Lymphedema of the legs
(Remember to wear your leg sleeve(s) before you do any of these exercises and have your provider or therapist tell you which ones are okay for you to do).

  • Sit in a chair and place a dry wash cloth on the floor. Use bare feet, one at a time to move the toes to gather the wash cloth into a ball or bunch. Try to grip the wash cloth with your toes and lift it off the ground about 3 inches. Do the same activity with the other bare foot.
  • Place small ball (like a foam ball or tennis ball) on the floor and sit in the chair. With bare feet using one foot at a time, roll the ball forward, then back towards the chair. Then roll the ball to the right, and back towards the chair. Then to the left and back towards the chair. When you feel strong, do the same activity with your hands holding the chair close to your knees and tuck your chin to your chest. Use both feet to roll the ball.
  • Sit in a hard solid chair (not a soft cushion) and tuck your chin to your chest. Slowly and gently lift the right foot up and straight in front of your body. Slowly lower the foot to the ground. Do 5 to 10 times. Next do the same activity with the left foot.
  • Do the next activity using different objects, like a pillow, a bath towel rolled up, or a small container of sealed oat cereal. Sit in a hard solid chair and tuck your chin to your chest. Place a light object between your knees. Slowly raise your knees and the object upward and hold the position 3-5 seconds. Then lower your knees and the object to the ground.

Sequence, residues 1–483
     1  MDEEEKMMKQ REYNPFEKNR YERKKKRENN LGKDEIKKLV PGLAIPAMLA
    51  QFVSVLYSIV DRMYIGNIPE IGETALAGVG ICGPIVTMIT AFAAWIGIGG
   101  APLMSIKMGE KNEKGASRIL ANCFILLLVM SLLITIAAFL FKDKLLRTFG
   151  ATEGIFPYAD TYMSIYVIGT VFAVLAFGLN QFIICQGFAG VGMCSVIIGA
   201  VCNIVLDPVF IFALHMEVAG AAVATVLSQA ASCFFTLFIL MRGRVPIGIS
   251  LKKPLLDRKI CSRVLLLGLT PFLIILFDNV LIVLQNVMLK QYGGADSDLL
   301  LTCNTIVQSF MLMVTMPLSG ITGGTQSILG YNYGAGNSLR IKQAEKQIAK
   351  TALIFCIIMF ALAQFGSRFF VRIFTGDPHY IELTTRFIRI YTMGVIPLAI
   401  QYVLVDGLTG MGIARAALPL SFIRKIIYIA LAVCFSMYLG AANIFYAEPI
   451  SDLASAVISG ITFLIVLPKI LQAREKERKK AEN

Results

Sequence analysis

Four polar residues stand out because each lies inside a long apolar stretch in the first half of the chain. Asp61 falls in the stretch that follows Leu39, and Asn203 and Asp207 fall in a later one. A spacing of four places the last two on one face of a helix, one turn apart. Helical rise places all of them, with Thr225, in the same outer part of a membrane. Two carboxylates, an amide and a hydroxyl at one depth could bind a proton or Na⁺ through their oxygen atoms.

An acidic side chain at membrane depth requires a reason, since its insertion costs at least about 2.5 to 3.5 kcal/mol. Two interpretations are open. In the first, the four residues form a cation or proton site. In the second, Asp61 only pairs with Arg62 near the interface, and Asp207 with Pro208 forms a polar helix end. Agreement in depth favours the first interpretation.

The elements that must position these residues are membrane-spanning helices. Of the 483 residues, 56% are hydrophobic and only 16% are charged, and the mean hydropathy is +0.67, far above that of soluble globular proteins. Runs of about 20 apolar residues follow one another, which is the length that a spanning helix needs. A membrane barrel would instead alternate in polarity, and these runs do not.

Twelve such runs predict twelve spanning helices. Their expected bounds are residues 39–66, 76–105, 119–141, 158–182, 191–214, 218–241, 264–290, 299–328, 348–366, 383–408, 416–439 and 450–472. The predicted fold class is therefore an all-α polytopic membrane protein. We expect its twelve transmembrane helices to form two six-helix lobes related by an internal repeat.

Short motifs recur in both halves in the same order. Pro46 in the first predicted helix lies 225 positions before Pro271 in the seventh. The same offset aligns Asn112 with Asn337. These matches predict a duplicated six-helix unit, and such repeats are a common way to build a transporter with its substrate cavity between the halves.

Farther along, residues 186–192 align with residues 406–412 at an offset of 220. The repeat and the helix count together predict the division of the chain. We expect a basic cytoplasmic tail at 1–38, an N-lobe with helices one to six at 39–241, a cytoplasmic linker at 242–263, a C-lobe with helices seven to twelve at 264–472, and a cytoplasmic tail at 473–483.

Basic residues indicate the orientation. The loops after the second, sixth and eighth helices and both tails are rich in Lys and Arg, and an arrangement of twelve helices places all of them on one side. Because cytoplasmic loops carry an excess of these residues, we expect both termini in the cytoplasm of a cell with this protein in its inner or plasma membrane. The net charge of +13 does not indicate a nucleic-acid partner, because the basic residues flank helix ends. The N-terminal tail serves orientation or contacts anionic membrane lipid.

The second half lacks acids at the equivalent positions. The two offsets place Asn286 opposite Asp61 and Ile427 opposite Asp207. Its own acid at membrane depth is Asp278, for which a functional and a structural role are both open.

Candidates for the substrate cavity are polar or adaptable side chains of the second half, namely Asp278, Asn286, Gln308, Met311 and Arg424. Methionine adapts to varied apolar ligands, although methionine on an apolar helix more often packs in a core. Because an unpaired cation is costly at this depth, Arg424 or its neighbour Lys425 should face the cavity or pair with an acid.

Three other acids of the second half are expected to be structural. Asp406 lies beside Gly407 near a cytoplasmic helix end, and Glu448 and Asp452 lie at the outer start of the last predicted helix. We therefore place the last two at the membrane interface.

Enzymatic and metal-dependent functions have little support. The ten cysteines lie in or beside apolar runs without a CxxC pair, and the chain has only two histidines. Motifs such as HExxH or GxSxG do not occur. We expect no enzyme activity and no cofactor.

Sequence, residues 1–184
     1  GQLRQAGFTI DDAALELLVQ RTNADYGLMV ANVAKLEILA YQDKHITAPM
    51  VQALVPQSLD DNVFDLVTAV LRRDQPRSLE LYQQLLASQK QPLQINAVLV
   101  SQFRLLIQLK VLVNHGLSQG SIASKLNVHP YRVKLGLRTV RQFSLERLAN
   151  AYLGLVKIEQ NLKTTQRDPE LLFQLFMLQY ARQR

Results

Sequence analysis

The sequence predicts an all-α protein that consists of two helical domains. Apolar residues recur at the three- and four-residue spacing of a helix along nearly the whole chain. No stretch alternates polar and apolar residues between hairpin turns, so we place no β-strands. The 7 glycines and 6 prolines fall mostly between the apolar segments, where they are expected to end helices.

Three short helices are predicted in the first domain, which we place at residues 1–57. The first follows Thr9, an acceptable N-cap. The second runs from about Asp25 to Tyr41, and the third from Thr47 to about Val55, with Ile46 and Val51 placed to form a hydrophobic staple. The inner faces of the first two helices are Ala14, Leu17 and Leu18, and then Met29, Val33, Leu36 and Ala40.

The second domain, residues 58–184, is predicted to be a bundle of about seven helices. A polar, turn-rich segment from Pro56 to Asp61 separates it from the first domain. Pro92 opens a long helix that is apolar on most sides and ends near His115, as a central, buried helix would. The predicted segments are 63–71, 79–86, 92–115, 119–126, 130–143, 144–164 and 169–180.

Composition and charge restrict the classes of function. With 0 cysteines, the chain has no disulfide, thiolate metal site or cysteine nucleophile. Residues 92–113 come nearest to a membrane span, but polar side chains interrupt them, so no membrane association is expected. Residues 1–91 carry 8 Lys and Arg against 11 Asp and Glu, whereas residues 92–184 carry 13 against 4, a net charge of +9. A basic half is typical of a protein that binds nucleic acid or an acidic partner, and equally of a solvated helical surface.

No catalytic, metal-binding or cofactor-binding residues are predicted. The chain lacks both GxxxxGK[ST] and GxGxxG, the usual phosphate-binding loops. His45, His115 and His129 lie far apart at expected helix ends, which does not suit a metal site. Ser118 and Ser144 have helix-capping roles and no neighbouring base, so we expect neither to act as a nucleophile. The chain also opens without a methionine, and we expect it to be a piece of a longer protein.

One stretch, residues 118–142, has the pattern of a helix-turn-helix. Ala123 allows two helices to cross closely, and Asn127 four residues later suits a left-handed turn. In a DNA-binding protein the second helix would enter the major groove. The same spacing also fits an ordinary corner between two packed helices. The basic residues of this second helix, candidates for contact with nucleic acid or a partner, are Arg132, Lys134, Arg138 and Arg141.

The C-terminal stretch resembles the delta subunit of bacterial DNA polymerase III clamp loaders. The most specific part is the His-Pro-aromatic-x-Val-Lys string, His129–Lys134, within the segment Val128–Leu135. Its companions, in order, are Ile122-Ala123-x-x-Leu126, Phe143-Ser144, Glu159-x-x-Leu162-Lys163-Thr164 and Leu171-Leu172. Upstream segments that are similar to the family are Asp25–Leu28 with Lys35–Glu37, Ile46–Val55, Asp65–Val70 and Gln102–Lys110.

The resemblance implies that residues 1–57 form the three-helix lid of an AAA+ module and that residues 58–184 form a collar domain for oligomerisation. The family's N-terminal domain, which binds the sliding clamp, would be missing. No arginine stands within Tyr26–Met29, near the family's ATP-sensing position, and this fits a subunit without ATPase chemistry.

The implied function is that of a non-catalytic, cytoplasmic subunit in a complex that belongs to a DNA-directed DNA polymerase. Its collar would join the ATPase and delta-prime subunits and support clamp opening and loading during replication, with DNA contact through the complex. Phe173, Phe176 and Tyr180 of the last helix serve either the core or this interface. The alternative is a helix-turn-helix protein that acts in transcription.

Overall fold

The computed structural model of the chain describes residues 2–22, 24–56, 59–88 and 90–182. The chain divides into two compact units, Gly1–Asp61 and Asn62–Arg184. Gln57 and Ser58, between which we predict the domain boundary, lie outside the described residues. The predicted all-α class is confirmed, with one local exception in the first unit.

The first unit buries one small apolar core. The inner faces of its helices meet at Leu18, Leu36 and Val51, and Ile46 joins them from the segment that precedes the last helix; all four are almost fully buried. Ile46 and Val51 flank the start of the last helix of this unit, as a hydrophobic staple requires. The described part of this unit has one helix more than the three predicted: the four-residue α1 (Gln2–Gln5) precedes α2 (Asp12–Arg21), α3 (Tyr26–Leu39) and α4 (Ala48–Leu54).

• Place a solid chair in front of you, and then lie on your back in front of the chair so that your calves rest on the seat of the chair. Place the palms of your hands flat on the floor next to your hips. Raise your head so that your chin is close to your chest. Try to straighten the right leg up in the air (or in a position that is comfortable for you). Lower the leg back to the resting position in the chair. Do 5 to 10 times. Then do the same activity with the left leg. If you are very strong and your provider or therapist says it is okay to do, do the same activity with both legs at the same time. You must keep your chin tucked close to your chest to help protect your low back from straining.
  • Lying on your back with the knees bent and your feet flat on the floor. Place the palms of your hands flat on the floor next to your hips. Lift your head so that your chin is close to your chest. Slowly and gently straighten your right leg out so that your foot is a few inches above the floor. Hold in that position for 3 to 5 seconds. Bend your knee and lower the foot flat on the floor. If you feel strong, you can try putting your foot at different heights from the floor. Do the activity with both legs. If you feel very strong, you can try to do both legs at the same time. But check with your provider or therapist before you try to do this.

Canned food upper body exercises.

.8 ounces,
23 grams